Nail Technician Careers
A nail technician has the opportunity to work in several different settings and meet all sorts of people. Plus, according to the U.S. Bureau of Labor Statistics (BLS), jobs for manicurists and pedicurists are on the rise and expected to grow 13% by 2026 – much higher than the 7% average of other careers.
In most states, you'll need to be at least 16 years old and possess a high school diploma or GED in order to become a nail tech. From there, you’ll need to complete a nail technician program or apprenticeship and pass an exam to obtain licensure. You can usually complete the program under a year, and sometimes in as little as a couple of months. Nail technicians must be licensed to practice legally in almost all 50 states; Connecticut is currently the only exception to this rule, but recent legislation will require the state Department of Public Health to start issuing licenses, beginning October 1, 2020.
What Does a Nail Tech Do?
Nail technicians perform a variety of nail care and design services. Beyond nail skills, technicians also have knowledge about chemicals and products, safety and sanitation, sales, and customer service. Manicurists and pedicurists typically work in a nail salon or spa, but there are a host of other places they can work, too.
Typical nail technician job responsibilities include:
But that’s not all. In addition to those tasks, nail techs are also involved with:
While there are benefits to the job, it’s important to be mindful of the potential drawbacks. The job involves a lot of sitting, which can cause muscle strain, and nail techs are also often exposed to chemicals, use sharp tools, and may encounter broken skin, so it’s essential that they protect themselves and keep a clean workstation.
Nail Technician Salary and Job Outlook
The job outlook for nail technicians is expected to grow faster than average. Here’s a deeper look at salary and job growth.
How Much Do Nail Techs Make?
In 2018, the median pay for manicurists and pedicurists was $11.70 an hour and $24,330 a year, according to the U.S. BLS.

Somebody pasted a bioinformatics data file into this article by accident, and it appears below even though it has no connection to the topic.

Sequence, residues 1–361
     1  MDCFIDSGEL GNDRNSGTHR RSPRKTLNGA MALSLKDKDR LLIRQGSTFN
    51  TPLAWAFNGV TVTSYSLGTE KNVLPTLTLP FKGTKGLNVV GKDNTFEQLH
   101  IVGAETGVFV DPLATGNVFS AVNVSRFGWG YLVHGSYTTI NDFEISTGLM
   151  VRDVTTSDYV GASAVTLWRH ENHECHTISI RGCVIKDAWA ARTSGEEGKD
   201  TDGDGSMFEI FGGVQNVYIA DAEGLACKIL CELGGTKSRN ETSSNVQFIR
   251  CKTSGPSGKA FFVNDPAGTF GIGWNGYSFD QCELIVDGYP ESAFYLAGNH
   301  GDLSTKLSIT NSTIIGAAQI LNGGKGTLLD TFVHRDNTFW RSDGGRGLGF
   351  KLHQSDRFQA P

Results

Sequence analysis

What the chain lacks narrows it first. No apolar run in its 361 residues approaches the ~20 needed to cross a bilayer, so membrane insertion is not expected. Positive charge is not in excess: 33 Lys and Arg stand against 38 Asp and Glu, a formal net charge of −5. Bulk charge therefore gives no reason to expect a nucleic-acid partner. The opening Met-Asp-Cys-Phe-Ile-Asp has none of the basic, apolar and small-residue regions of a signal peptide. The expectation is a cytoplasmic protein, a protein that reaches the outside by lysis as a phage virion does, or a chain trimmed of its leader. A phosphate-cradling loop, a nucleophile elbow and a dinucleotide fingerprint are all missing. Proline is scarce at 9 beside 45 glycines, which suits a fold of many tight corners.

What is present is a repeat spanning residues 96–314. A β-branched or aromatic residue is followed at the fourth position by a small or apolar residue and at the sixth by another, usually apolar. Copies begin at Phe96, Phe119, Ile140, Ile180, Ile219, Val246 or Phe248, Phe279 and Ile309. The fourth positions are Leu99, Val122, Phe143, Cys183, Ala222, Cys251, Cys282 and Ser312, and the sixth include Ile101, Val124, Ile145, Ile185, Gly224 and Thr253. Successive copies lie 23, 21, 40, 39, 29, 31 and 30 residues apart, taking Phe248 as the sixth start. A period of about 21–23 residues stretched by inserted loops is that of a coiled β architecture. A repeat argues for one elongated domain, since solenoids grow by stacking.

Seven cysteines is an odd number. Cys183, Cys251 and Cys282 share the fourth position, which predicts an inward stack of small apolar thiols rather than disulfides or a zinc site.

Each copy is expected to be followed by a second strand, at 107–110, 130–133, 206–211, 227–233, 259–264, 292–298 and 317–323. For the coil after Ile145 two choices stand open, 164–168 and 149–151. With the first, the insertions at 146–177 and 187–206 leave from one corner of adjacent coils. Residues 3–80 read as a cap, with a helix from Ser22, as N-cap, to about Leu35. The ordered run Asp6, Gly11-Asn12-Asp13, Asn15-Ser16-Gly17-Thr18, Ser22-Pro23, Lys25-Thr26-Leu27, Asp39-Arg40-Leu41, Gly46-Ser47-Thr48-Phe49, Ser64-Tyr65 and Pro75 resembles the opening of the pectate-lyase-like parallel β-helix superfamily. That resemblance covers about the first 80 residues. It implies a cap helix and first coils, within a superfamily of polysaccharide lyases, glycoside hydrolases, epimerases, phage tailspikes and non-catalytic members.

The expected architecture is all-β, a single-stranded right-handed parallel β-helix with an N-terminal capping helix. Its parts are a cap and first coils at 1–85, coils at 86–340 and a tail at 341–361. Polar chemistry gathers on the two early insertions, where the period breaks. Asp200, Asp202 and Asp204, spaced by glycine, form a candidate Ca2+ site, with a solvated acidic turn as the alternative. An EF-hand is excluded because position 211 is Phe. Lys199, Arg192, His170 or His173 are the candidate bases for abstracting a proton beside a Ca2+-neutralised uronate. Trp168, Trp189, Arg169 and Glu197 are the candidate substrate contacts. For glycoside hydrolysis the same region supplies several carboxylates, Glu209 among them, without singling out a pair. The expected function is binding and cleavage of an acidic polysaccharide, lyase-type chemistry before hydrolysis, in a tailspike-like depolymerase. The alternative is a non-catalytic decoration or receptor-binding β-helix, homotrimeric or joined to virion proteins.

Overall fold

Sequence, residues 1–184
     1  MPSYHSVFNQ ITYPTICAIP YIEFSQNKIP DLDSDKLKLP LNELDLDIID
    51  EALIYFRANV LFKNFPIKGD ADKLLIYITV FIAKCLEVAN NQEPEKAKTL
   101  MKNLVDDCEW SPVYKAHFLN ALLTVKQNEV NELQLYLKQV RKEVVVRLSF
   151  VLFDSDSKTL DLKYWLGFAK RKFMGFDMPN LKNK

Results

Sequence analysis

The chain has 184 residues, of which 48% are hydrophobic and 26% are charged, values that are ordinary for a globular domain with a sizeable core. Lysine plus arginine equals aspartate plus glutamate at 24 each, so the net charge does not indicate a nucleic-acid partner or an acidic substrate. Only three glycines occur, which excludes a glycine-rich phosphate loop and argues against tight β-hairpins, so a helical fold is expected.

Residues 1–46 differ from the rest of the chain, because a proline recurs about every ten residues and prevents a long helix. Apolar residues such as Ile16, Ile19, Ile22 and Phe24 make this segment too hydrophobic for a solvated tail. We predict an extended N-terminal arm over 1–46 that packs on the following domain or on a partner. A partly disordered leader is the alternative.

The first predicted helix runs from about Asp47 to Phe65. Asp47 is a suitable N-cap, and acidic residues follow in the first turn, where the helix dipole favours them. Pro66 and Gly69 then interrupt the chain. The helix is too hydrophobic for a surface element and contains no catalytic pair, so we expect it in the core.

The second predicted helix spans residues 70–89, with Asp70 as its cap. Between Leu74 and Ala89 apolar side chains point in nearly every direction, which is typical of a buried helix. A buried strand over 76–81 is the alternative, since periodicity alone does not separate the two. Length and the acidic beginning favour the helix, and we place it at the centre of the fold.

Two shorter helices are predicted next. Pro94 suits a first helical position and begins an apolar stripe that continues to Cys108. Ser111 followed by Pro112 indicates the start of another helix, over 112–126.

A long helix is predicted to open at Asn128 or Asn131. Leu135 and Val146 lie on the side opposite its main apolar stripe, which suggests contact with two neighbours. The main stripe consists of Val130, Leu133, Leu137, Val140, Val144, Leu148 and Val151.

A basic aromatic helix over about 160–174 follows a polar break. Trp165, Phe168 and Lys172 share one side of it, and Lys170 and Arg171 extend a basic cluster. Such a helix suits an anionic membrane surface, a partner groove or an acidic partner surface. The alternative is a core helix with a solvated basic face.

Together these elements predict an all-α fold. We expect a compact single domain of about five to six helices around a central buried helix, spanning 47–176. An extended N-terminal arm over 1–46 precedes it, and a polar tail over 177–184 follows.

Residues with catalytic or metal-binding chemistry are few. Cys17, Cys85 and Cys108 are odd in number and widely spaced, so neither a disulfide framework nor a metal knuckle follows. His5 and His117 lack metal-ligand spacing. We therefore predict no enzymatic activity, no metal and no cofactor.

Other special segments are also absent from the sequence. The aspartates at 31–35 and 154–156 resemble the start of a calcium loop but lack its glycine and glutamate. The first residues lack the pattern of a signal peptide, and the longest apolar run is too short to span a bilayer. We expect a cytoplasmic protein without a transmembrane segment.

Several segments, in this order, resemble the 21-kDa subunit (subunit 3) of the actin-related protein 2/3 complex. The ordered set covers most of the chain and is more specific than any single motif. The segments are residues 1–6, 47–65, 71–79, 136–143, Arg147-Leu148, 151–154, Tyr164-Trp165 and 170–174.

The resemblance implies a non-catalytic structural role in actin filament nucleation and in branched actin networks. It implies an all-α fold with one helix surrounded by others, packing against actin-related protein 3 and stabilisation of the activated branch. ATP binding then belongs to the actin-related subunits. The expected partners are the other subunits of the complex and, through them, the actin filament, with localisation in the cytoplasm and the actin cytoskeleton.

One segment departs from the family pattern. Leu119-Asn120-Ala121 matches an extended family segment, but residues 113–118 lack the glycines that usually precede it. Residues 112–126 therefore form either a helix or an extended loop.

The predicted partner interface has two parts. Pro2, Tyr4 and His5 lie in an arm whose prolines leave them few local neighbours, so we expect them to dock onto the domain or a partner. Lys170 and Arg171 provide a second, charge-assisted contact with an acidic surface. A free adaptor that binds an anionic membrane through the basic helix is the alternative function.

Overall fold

As of May 2018, here are the top five states where nail techs earn the highest salary:
Job Growth for Nail Techs
In 2018, the job growth expectations from 2016-2026 is 13%, which is much higher than the 7% average job growth for all occupations.
As of May 2018, here are the top five states that employ the most nail techs:
Working as a Nail Technician
Steps to Become a Nail Technician
Nail technicians need to complete the following three steps to legally work in the field:
Once you’re in the field, you may need to take continuing education (CE) classes to maintain your license. Depending on your state, your license may expire yearly, every two years, or a different time frame altogether. Each state also has different requirements for continuing education units (CEUs). These classes may focus on advanced nail techniques or state laws, for example, and you can sometimes complete them online.
Nail Technician Career Options and Specialties
There are many career options as a nail technician. You can choose to work at a salon or spa, go work for yourself, or one of many other options. You can also pursue something outside the box, such as creating your own YouTube channel or becoming a social media personality. Many people are looking online for new design ideas, nail art tutorials, or just some #nailinspo, so if you’re into the idea of marketing yourself and your talents, this could be a nontraditional and fun path for you to take.
When it comes to nails themselves, there’s a lot to learn. Here are several different styles and techniques nail techs typically have in their repertoire:
Where Can You Work as a Nail Tech?
A nail technician can work in many different settings. There are the more familiar ones, such as a nail or hair salon, and others that may surprise you:
Some nail techs choose to operate their own salon or mobile business, too.
Nail Tech Work Schedule
If you’re employed in a traditional nail tech setting -- say, a salon or spa -- you’ll work a variety of hours. Because you work with the public, a lot of these hours will be in the evening and on weekends when most people are free to seek out your services. You may work a full eight-hour shift or work a part-time schedule.
The hours worked are usually early or mid-morning until late evening, seven days a week. However, some places offer different weekend hours and may be closed one or two days a week. Other privately-owned or specialty facilities may have different hours of availability altogether.
Traits of a Successful Nail Technician
There are many positives to working as a nail tech. It’s a growing field, programs are affordable and quick to complete, and job settings and hours are variable. By being personable and offering good service, you have the potential to secure repeat customers and earn more money. You can also grow in the industry, whether that means becoming a specialist in one area, or opening your own salon.
To be successful in the field, you’ll want to develop stellar nail care and design abilities and hone your interpersonal and customer service skills. Since most of your time will be spent interacting with clients in person -- and your pay can be influenced by those encounters -- the latter is especially important in the nail technician career.
You can also further your success by continuing your education. By learning more about your craft, you can earn more money, teach others, or run your own business. Depending on which path feels right to you, you can grow in the field in several ways.
Professional Resources for Nail Techs
Here are some professional resources for nail technicians: